Squid Game and the Advent of non-English Content

Wi Ha-Joon in Squid Game

Non-English Emergence

Korean Entertainment is undoubtedly on its way to compete with English and Spanish content. Netflix is dominated by English content followed by Spanish language content after those two are languages based in Europe and South America like Portuguese, French, German and Turkish. Hindi and other Indian languages have also started garnering more eyes on Netflix. There is also the notoriously popular K-Pop industry. The rise in non-English content over the years proves that the viewers don’t necessarily need content that is their own language, however, Netflix does offer translations. Squid Game is available in many languages originally Korean followed by English and other regional languages.

Reception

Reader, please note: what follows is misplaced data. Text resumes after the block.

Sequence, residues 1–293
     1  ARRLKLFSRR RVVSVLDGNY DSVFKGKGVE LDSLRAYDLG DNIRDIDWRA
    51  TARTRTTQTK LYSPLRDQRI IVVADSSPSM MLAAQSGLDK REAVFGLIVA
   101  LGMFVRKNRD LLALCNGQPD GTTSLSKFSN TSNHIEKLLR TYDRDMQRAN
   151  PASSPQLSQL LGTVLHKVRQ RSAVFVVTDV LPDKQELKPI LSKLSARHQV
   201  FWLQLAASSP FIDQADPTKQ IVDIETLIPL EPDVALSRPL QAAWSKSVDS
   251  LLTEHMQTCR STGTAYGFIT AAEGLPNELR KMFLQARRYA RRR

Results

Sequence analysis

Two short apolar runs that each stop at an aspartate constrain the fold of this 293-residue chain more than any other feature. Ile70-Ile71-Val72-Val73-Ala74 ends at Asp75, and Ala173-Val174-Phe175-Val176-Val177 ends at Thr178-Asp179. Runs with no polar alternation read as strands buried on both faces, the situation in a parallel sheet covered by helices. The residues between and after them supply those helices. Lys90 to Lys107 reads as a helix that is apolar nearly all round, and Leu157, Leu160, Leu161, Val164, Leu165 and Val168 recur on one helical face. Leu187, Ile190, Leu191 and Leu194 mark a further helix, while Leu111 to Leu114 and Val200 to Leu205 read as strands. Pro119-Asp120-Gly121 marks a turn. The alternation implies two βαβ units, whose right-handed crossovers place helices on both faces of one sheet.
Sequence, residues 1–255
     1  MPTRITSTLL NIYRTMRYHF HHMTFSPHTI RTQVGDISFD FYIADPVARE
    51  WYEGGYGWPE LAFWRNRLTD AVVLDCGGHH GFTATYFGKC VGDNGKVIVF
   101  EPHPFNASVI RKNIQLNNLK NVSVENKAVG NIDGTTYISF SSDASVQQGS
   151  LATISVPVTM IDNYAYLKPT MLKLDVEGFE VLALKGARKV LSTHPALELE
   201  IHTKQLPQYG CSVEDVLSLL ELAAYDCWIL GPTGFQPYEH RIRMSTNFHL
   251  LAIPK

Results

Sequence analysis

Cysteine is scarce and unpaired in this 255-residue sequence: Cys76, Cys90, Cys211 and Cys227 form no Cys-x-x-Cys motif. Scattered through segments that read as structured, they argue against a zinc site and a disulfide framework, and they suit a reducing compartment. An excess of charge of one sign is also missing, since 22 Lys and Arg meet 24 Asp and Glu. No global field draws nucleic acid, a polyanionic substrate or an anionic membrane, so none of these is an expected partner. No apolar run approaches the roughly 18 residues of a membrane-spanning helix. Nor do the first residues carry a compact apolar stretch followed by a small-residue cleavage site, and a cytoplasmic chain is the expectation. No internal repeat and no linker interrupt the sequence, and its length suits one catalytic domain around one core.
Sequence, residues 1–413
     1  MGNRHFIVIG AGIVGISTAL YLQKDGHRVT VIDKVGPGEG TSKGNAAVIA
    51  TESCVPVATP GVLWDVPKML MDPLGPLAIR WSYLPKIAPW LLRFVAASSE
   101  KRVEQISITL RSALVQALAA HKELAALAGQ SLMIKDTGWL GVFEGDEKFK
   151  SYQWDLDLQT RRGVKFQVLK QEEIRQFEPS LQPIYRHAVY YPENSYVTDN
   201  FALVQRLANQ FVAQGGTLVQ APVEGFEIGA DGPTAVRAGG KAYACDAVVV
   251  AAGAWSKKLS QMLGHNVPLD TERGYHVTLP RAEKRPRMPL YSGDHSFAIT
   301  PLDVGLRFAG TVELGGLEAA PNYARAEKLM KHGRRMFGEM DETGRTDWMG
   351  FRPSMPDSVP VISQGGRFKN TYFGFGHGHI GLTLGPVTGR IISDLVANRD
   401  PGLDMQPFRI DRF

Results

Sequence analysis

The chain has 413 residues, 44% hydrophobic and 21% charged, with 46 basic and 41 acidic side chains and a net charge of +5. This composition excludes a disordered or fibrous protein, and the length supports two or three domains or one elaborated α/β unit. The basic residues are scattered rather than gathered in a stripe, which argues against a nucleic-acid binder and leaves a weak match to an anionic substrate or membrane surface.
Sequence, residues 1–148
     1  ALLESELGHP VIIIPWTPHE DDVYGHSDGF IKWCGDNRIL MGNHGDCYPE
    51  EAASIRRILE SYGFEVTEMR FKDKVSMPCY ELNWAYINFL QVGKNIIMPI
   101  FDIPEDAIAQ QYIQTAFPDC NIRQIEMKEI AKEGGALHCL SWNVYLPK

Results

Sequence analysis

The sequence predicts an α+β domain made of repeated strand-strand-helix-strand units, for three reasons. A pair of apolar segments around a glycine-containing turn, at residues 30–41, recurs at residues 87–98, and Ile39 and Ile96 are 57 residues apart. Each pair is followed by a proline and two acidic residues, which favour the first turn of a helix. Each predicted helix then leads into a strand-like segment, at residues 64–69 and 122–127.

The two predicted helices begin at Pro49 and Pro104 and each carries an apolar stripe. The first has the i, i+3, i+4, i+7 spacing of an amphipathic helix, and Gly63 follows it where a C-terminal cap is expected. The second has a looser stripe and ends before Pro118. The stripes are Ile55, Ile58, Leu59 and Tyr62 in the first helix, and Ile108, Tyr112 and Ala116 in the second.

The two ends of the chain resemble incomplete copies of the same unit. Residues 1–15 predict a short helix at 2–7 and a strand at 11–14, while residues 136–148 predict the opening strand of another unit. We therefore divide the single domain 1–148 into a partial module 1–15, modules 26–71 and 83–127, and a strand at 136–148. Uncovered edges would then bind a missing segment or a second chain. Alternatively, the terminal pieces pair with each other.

Squid Game’s rise is similar to that of the German sci-fi series ‘Dark’ and the Spanish drama series ‘Money Heist’, all three were well-received by the general Netflix audience and the shows went on to become famous not necessarily for their quality but the general plot and the characters. In 2019, Netflix CEO Reed Hastings said that Sacred Games was viewed twice as many times as the Indian audience viewed it That statement says a lot about the reach of Over-the-top platforms and how the content produced anywhere whether be in South Korea or India is viewed internationally twice as much because the Netflix audiences are heavily located in the Americas and Europe.

--

--

Get the Medium app

A button that says 'Download on the App Store', and if clicked it will lead you to the iOS App store
A button that says 'Get it on, Google Play', and if clicked it will lead you to the Google Play store
Pratham Wadgaonkar

Pratham Wadgaonkar

10 Followers

I cover topics surrounding identity, culture, politics and entertainment.